Queen meets female leaders at event to tackle domestic violence

The Queen met women leaders from across the Commonwealth at an event in London dedicated to tackling domestic violence.

Camilla said it was “so important” for her to attend the event on Wednesday evening at Marlborough House, which focused on protecting women and children from domestic violence.

Commonwealth Secretary General Baroness Scotland greeted Camilla as she arrived at Commonwealth headquarters in central London.

Baroness Scotland said one in three women in the world will be affected by domestic violence at some stage in her life, adding that women were “disproportionately affected” in any form of crisis.

He said Camilla's support was “wonderful”, adding that the Queen had “great care for people”.

Baroness Scotland, the first woman to serve as attorney general for England and Wales, told the PA news agency: “So many people would like to be silent and it's not necessarily a comfortable thing to talk about.

“But Her Majesty was absolutely adamant that she would be a representative for all those women who feel they don't have a voice.”

Camilla, dressed in a forest green blazer, attended a reception of dignitaries, which included British-Ghanaian businesswoman and actress Lady Dentaa Amoateng.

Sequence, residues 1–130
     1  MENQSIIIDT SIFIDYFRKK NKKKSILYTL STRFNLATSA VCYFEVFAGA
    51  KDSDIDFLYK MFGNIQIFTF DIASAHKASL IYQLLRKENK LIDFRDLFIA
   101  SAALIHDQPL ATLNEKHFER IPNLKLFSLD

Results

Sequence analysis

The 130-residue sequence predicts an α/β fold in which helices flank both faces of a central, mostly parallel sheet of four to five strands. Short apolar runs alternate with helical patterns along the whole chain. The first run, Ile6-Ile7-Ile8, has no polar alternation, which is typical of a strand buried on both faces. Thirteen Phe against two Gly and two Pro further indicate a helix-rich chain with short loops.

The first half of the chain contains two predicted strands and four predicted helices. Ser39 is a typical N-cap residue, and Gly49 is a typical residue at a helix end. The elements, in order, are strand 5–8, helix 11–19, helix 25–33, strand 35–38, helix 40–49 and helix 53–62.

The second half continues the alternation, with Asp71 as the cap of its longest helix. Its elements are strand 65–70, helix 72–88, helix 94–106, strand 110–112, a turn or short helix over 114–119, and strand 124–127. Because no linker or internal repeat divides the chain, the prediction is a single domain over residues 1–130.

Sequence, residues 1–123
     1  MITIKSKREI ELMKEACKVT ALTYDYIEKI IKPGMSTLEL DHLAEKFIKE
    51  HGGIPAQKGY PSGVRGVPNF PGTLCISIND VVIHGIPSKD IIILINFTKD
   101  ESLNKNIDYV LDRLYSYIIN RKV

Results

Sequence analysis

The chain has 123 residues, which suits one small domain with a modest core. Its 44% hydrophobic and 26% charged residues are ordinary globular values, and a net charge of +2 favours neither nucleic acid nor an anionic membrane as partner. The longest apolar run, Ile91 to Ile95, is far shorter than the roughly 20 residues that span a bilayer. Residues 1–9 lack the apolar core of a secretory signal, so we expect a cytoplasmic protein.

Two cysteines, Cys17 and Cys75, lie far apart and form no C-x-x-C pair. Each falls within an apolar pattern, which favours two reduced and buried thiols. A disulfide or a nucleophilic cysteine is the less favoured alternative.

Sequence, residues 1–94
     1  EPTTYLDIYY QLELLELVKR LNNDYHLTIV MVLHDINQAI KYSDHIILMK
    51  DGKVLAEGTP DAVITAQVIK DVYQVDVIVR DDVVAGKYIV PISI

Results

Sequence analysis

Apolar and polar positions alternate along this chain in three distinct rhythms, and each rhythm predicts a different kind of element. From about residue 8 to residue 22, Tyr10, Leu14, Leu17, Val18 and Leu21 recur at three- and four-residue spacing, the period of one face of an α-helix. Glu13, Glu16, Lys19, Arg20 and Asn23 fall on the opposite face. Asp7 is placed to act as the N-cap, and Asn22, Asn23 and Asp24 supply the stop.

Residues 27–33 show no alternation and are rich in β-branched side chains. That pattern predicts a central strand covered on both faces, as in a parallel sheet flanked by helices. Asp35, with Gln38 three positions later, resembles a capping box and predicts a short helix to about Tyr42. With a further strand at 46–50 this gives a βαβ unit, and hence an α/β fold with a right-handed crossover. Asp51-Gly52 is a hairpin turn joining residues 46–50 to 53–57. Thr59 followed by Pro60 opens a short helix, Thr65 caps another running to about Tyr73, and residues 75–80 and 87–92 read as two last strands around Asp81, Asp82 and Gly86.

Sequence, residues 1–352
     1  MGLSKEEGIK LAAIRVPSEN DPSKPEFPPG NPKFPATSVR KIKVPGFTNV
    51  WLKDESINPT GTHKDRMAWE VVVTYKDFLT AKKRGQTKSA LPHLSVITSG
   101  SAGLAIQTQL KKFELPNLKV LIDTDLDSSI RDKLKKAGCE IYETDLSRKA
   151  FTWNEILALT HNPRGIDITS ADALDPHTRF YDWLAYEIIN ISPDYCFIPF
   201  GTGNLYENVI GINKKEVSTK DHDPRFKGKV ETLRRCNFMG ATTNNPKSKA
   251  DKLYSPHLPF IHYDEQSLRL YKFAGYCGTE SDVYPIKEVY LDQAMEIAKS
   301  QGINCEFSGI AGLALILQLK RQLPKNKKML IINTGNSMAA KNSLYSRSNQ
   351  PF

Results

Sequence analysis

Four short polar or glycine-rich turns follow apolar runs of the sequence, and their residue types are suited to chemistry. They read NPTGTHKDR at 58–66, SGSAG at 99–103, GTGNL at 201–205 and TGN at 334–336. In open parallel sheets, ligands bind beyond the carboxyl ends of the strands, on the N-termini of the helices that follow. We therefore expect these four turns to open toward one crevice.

He also met leaders of the Mirabel Centre, Nigeria's first referral center to provide free medical and psychosocial support to survivors of rape and sexual assault.

Itoro Eze-Anaba, the centre's founder, said Camilla's support “helped people talk” as it brought “credibility” to the centre.

He added that the center had helped more than 8,200 survivors of rape and sexual assault – with the youngest of the centre's clients just three months old and the oldest 82 years old.

Ayotola Jagun, manager at the Mirabel Centre, said having Camilla's support as patron had “done wonders” for the confidence of staff at the centre.

Camilla also met Maya Kirti Nanan, the winner of the 2023 Commonwealth New Person of the Year award.

The 20-year-old from Trinidad and Tobago founded an autism center called Rahul's Clubhouse, named after her brother Rahul who was diagnosed with autism.

The Commonwealth Secretariat said the event at Marlborough House would help build an alliance “engaging across sectors and professions” to work to protect women and children from domestic violence.

He added that it would also help inform the Commonwealth's strategy at Cop28 to “advocate for the needs and interests of women and girls, including calling for a comprehensive damage and loss fund”.